Storage tanks for vehicle fuel and heating oil are common on farms and rural residences nationwide. These above-ground and Underground tanks historically have been constructed of steel, and over the years tens of thousands of the tanks have corroded and leaked petroleum products into the soil and groundwater.
While underground tanks present the greatest threat to health and the environment, above ground tanks can fail too, as weathering corrodes the tanks and associated piping. Both above ground and underground tanks are subject to spills when refuelling or pumping.
Obviously farmers and other rural home owners need to pay close attention to the installation and maintenance of fuel storage tanks.
ON SITE FUEL STORAGE – WHY YOU SHOULD BE CONCERNED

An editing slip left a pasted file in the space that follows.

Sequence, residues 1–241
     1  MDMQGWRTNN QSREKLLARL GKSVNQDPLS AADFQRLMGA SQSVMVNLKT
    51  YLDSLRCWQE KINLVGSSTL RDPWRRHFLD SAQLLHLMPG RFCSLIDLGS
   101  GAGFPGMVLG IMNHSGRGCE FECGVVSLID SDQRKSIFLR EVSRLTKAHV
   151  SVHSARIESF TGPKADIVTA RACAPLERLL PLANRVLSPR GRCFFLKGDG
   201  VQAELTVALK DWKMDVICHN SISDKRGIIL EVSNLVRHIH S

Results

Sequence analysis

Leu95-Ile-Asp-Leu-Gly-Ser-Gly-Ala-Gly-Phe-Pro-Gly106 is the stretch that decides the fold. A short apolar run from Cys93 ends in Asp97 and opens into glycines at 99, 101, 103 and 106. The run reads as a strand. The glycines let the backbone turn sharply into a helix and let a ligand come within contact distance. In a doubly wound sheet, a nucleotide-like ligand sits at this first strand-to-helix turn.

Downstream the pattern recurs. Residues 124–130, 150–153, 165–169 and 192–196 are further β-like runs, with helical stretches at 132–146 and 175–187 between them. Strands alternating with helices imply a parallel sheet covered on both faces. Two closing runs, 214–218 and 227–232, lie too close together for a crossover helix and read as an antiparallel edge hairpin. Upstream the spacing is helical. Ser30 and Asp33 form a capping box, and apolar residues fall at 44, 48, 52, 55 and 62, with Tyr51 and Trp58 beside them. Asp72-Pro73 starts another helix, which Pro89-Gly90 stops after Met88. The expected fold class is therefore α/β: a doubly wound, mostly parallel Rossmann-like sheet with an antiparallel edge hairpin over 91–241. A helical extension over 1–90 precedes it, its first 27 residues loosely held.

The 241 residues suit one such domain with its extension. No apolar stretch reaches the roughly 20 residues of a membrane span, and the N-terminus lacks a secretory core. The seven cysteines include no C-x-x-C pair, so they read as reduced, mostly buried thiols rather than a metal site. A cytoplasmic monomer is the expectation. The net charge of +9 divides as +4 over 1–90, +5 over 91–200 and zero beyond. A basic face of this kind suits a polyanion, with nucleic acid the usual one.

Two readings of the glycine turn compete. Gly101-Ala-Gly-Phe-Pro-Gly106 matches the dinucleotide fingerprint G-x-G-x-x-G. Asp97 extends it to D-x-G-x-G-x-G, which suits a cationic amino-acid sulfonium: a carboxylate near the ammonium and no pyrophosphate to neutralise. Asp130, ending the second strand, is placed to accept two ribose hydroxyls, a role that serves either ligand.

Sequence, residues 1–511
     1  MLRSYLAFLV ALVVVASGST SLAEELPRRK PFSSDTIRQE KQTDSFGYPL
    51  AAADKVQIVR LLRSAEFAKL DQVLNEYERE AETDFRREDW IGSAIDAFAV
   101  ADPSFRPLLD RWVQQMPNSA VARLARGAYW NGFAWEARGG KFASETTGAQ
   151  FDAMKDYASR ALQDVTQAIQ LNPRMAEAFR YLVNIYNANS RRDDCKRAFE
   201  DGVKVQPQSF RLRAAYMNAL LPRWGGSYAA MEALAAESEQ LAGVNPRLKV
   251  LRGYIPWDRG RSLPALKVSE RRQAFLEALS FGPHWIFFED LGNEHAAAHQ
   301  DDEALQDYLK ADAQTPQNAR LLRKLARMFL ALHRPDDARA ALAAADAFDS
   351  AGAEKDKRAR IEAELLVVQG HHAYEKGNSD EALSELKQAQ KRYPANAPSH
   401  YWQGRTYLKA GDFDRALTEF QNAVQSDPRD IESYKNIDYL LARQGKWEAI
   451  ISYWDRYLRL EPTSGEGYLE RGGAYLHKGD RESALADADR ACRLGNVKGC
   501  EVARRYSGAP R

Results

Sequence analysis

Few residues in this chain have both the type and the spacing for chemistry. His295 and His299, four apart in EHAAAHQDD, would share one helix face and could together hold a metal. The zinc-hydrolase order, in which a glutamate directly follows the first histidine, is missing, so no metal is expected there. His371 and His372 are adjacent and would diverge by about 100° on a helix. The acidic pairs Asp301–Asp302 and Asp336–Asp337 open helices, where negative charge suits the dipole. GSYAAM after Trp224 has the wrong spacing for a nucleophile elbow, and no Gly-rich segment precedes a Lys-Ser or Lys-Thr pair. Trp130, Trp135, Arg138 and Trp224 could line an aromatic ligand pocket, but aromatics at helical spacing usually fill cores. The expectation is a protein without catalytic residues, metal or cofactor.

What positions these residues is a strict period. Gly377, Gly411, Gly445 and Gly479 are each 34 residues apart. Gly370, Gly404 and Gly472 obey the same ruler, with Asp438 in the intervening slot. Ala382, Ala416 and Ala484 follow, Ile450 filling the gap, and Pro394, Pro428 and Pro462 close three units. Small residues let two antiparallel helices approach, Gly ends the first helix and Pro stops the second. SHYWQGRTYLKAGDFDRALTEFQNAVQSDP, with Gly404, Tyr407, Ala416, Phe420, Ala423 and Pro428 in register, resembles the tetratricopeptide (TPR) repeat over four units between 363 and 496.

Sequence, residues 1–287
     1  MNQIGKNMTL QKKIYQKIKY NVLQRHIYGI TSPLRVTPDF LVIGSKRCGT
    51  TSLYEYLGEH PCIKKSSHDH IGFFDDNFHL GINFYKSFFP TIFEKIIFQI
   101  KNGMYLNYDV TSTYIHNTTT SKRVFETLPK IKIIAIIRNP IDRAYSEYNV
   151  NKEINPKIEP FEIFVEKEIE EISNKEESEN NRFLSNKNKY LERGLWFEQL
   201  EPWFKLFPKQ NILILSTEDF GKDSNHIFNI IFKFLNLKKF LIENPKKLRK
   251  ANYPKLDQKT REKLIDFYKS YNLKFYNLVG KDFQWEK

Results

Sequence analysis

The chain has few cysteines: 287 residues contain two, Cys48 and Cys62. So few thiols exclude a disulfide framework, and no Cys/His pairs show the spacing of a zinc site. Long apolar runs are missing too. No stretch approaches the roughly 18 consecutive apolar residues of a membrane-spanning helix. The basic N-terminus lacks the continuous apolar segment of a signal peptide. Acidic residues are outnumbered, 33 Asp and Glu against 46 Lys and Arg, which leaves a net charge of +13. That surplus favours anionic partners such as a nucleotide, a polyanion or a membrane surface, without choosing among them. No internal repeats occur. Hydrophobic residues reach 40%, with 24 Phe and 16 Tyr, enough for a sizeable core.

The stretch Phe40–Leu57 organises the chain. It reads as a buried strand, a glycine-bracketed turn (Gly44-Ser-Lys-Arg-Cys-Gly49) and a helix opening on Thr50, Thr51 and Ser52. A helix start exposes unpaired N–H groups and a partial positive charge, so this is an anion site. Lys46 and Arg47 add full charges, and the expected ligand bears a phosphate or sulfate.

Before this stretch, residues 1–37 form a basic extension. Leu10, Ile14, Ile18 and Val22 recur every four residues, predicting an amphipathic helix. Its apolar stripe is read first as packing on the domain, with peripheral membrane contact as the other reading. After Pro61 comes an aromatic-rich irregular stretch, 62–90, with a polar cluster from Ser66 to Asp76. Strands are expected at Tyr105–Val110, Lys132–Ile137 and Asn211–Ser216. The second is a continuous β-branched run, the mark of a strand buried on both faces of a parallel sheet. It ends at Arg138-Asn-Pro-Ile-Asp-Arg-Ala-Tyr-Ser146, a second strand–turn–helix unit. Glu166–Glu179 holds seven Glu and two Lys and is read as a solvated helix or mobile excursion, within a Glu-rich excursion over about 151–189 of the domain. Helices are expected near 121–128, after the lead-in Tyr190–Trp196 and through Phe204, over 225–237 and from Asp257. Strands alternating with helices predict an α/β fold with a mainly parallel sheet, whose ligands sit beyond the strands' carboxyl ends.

Leaking tanks can be a source of groundwater problems for you and your neighbors. Petroleum based fuels contain benzene, toluene, xylene etc these compounds pose a number of health risks
Very small amounts of these compounds in drinking water may not produce noticeable tastes or smells, but can have serious health effects if injested over many years.
If fuel has leached into the groundwater, the location, type and depth of your or your cattles drinking water will be contaminated. Shallow wells that tap into the water table near the surface have a greater risk of contamination than deeper wells, because the well will be withdrawing water near the level at which the contaminants have entered the soil. Deep properly constructed wells with steel casing will help keep contaminants from entering the well because petroleum products FLOAT near the top of the water table.
Large spills and overflows can also contaminate nearby surface waters. Less visible, but equally a threat to surface waters is petroleum that seeps down to the water table and then travels horizontally underground into a nearby stream or lake
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